Chad, Sudan normalise relations
- Chad and Sudan agree to normalise relations
Tuesday, 05 May 2009
Chad and Sudan have agreed to end hostilities against each other and
normalise relations after reconciliation talks in the Qatari capital,
Doha. Officials from the two African nations signed the agreement on
Sunday at the end of the talks that Qatar helped to mediate.
"The agreement stipulates the halting of hostilities, and everyone
is now looking to the future, especially as both countries and people
have big interests," Ahmad Abdullah al-Mahmud, Qatar's minister of
state for foreign affairs, said on Sunday.
"Relations between Chad and Sudan should be normalised. If not, it will be difficult to find a solution to the Darfur crisis," former South African president Thabo Mbeki said on Saturday.
A Chadian government spokesman on Monday said he was confident the deal would hold and reaffirmed Ndjamena's commitment to make it work.
"The Chadian government is optimistic this new accord will stay the course. We are optimistic because of our goodwill. We are declaring our good faith to be at peace with our Sudanese neighbours," said Mahamat Hissein.
"We hope that this agreement, which has seen the involvement of several Arab countries and the African Union, will at last be implemented by Sudan," said Hissein, who is also the Chadian communication minister.(AFP)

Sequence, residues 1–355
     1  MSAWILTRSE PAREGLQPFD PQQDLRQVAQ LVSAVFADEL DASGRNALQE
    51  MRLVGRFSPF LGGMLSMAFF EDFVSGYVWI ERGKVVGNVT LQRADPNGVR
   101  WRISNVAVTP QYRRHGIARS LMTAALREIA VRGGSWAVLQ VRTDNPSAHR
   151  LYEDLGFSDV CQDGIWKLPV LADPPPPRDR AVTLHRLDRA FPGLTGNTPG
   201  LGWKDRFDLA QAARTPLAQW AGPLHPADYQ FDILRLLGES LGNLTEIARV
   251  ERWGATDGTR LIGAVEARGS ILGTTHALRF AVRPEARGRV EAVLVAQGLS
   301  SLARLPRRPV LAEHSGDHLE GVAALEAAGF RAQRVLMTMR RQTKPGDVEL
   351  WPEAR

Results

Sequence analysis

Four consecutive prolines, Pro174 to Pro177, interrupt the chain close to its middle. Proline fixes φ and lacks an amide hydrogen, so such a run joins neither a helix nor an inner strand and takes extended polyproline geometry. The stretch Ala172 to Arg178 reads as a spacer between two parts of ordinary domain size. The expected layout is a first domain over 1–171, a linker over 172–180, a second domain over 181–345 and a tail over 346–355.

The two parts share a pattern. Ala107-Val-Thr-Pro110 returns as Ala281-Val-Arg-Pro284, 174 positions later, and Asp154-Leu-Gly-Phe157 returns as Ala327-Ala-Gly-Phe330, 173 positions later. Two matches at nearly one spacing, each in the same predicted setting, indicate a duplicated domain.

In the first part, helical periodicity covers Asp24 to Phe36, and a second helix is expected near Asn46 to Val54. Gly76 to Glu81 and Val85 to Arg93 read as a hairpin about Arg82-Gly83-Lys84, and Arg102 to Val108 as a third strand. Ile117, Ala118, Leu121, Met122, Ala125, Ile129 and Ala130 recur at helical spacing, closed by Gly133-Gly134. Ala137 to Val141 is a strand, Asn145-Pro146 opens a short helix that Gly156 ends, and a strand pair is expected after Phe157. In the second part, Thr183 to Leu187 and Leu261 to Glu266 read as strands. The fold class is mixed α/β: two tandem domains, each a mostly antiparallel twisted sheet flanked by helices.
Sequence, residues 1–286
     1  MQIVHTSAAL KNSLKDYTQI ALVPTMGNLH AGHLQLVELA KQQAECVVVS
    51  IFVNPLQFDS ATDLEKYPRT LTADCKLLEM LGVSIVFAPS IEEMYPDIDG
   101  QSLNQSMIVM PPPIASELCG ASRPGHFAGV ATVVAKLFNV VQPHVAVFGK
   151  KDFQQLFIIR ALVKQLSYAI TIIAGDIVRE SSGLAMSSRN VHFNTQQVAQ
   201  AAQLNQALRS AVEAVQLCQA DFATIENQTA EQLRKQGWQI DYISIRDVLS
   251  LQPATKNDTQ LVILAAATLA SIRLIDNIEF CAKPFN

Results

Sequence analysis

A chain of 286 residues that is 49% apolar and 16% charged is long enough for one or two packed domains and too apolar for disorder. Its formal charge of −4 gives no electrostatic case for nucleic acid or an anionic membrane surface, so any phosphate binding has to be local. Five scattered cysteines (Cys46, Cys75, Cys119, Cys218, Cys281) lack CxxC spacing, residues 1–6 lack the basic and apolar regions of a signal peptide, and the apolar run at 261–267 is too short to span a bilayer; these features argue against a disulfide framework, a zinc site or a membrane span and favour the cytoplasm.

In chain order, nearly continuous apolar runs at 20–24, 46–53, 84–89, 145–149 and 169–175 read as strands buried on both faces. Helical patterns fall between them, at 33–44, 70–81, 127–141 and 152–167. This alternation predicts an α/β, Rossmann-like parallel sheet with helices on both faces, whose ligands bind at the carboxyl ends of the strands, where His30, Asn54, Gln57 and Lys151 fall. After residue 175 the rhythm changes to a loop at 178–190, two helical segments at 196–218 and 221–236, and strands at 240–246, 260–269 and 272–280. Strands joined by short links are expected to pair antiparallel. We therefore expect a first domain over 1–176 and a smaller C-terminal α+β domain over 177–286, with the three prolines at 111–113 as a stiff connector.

Al Jazeera's Mohamed Vall, reporting from Khartoum, the Sudanese capital, on Monday, said the agreement "stresses the acceptance on both sides to adhere to a cessation of hostilities".
"It has not been a direct clash between the two armies, it has been a proxy war in which rebel groups from both sides are being used by these two countries," he said.
"But if they stop arming those groups and aiding and abetting those rebellions ... then that will be a good step ahead."
Both nations have long traded accusations that each is supporting rebel attacks inside the other's territory.
Vall said there is a general feeling of relief in Sudan in reaction to the agreement, even though people know many such agreements have been signed before.
"The agreement is a step towards a much [more] comprehensive agreement on the level of the presidents that is going to be signed in Libya next month," Vall said.
"The hope here is this will be a final one, and everybody will stick to the commitments that are going to be signed in this agreement."
UN Secretary-General Ban Ki-moon on Sunday welcomed the peace talks
between Chad and Sudan to normalize their bilateral relations, and
urged both countries to "make every effort to ease tensions."
Ban, in a statement issued by his spokesperson, said, he "is concerned at reports about the recent build up and movement of armed elements on both sides of the Chad-Sudan border."
"In this context, the secretary-general welcomes the discussions towards the normalization of bilateral relations between the governments of Chad and Sudan held this week in Doha and calls on both parties to make every effort to ease tensions," the statement said.
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